The financial impact of Divorce

Get in touch: 1800 770 780

How can we help?

While divorce is undoubtedly an incredibly difficult decision to be made, there are times and circumstances that can cause a marriage to end. In these instances, there is a great deal to consider emotionally, legally and financially prior to starting the divorce proceedings. If the parties can work together and compromise, it is possible for the couple to disengage with minimal fallout and loss in all areas of joint interests. If not the cost of dissolving a marriage can be extreme and financially detrimental to both parties, particularly women.

Initially, there are a number of steps that are legally required to end a marriage. You must prove the following:

    • A legal marriage exists
    • The couple has taken steps to repair the marriage to no avail
    • There has been a separation for at least 12 months prior to filing for a divorce
    • You are an Australian citizen or;
    • A permanent resident of Australia or;
  • You have resided in Australia for at least 12 months prior to applying for a divorce

Once you meet the above criteria, you can apply for the dissolution of your marriage. However, it is important that the couple also meets the criteria for legal separation for at least 12 months prior to filing for divorce. If the couple does not meet the separation requirements, they cannot file for divorce. These requirements include:

    • One or both parties must communicate that they believe the marriage is over
    • The 12-month period can be interrupted by a reconciliation as long as the time is less than 3 months.
  • The time period for which you are reunited does not count toward the 12-month requirement

If a couple reunites for more than 3 months, the 12-month time period must start over again upon the couple deciding to separate again. It is also important to note that if a family cannot afford to move into two separate residences during the period of separation, the separation can still be valid via the statements of family or friends that the couple is truly living separate lives.

The rules are slightly different for couples who have been married for less than 2 years. Under these circumstances, a couple will need to attend some form of counselling prior to filing for a divorce. Once they have attended counselling sessions, if they still wish to separate and divorce, they can submit a counselling certificate indicating the marriage should be dissolved.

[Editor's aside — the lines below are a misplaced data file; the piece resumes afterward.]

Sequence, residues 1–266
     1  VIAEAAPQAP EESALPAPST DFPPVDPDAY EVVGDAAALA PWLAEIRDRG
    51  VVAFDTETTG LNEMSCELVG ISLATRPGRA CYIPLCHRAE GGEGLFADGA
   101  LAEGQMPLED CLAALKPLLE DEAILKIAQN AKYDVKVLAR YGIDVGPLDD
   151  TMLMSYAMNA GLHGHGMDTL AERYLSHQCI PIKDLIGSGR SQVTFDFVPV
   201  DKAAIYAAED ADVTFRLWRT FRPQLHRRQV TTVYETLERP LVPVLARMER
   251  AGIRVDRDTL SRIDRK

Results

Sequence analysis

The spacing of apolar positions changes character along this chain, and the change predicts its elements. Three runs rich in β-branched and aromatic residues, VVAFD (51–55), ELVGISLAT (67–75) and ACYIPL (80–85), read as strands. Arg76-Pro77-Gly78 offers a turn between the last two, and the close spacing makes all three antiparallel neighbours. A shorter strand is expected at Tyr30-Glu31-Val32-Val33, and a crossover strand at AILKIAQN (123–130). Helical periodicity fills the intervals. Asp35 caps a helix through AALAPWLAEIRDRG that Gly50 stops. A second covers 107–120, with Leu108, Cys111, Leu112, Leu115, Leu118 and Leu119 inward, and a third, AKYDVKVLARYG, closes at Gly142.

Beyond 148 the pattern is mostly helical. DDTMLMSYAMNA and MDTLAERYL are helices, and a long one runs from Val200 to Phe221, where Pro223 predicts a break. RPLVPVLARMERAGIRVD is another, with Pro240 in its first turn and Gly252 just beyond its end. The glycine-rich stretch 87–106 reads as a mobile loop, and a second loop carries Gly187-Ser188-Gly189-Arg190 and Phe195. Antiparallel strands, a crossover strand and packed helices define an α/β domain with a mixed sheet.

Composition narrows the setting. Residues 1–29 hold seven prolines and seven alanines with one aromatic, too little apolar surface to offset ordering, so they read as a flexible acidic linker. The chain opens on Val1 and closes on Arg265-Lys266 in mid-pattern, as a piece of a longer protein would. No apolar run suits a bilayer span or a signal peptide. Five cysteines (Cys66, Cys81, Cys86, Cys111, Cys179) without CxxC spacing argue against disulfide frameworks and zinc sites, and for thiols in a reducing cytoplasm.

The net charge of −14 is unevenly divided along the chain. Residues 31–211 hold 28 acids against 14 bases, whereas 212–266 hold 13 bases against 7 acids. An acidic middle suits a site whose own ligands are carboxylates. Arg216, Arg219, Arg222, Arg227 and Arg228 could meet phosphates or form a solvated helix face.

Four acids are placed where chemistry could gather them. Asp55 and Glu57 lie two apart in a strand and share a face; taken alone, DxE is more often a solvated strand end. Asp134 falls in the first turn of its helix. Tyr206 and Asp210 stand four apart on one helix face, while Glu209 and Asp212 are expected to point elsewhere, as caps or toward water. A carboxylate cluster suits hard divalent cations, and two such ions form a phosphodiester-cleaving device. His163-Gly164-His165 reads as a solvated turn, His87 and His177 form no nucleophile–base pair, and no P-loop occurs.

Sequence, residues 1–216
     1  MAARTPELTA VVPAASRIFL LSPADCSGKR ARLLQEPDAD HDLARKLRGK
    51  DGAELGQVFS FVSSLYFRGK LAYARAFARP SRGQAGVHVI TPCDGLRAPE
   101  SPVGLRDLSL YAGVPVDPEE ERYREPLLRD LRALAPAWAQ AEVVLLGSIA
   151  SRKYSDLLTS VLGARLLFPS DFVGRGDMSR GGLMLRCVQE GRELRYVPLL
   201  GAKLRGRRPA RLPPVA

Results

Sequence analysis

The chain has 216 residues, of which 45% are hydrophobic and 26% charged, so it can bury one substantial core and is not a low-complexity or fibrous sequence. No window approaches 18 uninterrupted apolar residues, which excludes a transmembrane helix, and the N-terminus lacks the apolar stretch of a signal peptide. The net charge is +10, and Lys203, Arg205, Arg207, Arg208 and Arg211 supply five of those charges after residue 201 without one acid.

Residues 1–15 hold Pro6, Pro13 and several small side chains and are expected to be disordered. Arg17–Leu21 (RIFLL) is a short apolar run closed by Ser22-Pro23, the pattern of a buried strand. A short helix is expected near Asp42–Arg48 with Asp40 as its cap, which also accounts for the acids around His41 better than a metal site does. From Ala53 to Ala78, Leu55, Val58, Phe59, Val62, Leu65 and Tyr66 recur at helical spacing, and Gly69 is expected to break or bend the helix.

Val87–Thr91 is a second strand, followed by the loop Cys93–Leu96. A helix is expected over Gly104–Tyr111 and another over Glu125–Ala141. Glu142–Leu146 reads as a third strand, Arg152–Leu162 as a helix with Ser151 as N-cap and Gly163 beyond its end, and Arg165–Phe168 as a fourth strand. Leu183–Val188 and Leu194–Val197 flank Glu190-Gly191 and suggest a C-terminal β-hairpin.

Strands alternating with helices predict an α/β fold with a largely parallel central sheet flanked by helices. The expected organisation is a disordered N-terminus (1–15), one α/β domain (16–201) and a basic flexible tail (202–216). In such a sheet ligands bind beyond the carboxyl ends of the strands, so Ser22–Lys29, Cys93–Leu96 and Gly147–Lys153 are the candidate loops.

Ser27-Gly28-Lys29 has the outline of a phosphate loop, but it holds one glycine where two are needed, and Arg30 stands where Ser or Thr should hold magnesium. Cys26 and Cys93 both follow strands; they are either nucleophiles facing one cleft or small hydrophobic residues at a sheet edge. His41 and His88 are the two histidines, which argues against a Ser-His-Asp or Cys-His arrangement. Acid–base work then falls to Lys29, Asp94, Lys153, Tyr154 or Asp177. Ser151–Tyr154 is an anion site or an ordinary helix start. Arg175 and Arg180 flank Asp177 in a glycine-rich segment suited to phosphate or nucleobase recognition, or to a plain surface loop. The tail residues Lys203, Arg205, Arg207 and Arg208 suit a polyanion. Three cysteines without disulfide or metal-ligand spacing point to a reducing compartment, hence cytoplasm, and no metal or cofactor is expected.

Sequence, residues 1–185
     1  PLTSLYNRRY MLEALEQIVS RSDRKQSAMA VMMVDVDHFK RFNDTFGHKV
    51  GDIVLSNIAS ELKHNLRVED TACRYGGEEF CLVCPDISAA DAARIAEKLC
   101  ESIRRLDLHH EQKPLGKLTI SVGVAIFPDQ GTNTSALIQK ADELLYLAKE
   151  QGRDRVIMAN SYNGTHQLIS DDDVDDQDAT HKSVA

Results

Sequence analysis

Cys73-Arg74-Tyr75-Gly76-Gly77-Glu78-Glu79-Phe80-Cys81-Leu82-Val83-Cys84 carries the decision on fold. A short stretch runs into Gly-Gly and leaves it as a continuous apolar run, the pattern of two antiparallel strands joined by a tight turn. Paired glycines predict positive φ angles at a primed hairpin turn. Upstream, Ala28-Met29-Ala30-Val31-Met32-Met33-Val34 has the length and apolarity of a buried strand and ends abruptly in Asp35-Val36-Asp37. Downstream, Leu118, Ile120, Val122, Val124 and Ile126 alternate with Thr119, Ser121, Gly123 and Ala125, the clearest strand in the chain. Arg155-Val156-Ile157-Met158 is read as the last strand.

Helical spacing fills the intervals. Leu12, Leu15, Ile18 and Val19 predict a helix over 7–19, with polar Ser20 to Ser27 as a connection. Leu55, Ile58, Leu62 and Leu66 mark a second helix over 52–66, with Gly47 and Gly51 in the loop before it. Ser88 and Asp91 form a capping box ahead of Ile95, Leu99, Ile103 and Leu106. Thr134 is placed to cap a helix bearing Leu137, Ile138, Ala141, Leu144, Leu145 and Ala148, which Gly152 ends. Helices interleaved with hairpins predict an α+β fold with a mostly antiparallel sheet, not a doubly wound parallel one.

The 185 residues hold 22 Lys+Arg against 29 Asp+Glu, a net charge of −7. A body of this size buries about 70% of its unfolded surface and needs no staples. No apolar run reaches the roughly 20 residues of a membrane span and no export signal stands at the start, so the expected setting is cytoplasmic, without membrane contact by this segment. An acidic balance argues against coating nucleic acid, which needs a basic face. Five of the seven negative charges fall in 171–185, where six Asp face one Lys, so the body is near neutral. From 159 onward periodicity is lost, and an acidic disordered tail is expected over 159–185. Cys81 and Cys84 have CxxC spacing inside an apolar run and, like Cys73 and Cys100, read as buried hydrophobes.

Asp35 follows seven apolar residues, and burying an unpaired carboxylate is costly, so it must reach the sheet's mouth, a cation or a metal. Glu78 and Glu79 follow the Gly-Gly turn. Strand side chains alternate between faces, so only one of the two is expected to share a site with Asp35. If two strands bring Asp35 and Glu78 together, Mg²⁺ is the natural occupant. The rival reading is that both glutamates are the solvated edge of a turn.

Beyond the straight legalities of divorce, there are additional issues to be considered. The most significant of these is the financial state of the parties subsequent to divorce.

There are many steps that must be taken for a couple’s assets to be divided. Both parties will have to do the following:

    • Close joint accounts and open new accounts in their own names
    • Take a complete inventory of the marital assets, including both real and personal property
    • Take a complete inventory of any pre-marital assets or separate property assets
      • Reveal individual income status


    • Inventory your superannuation accounts

During the course of dividing assets, it is highly likely all couples will face a change in lifestyle due to a decrease in finances. Oftentimes this financial hardship hits women harder than men, and in particular women who stayed out of the workforce to raise families or those who will still be primarily responsible for the children. Such circumstances tend to limit their opportunities and reduce the number of hours they can dedicate to creating their own financial independence.

Some women never really catch up financially and are forever burdened with tight budgets and fears surrounding being able to keep up with the cost of living. In addition, they are often left with fewer superannuation funds and fewer opportunities to increase these monies. On the alternative side of the spectrum, men tend to recover more quickly as they have not lost years of career advancement to family care. In addition, with men retaining their earning potential they are abler to make up any retirement funds they may have lost due to the distribution of their superannuation assets. Finally, women are less likely to maintain home ownership after divorce. Their lack of separate property savings and solid income makes purchasing a new home or maintaining the cost on the family home difficult, if not impossible. Men are more likely to be able to either buy a new home or maintain the family residence.

It is important for all parties to recognise the financial losses that can occur as the result of divorcing and do their best to mitigate the monetary damage. It is also incredibly important that women take the necessary steps to protect themselves in the event of the dissolution of their marriages, including seeking sound legal and financial advice from trusted professionals.

In the event that you find yourself in need of assistance with this or any other legal issue, please contact the law offices of Owen Hodge Lawyers. At Owen Hodge, we are always happy to assist clients in understanding the full ramifications of any and all of your legal needs. Please feel free to call us at your earliest convenience to schedule a consultation at 1800 770 780.


Just ask us a question

We are always ready to help you.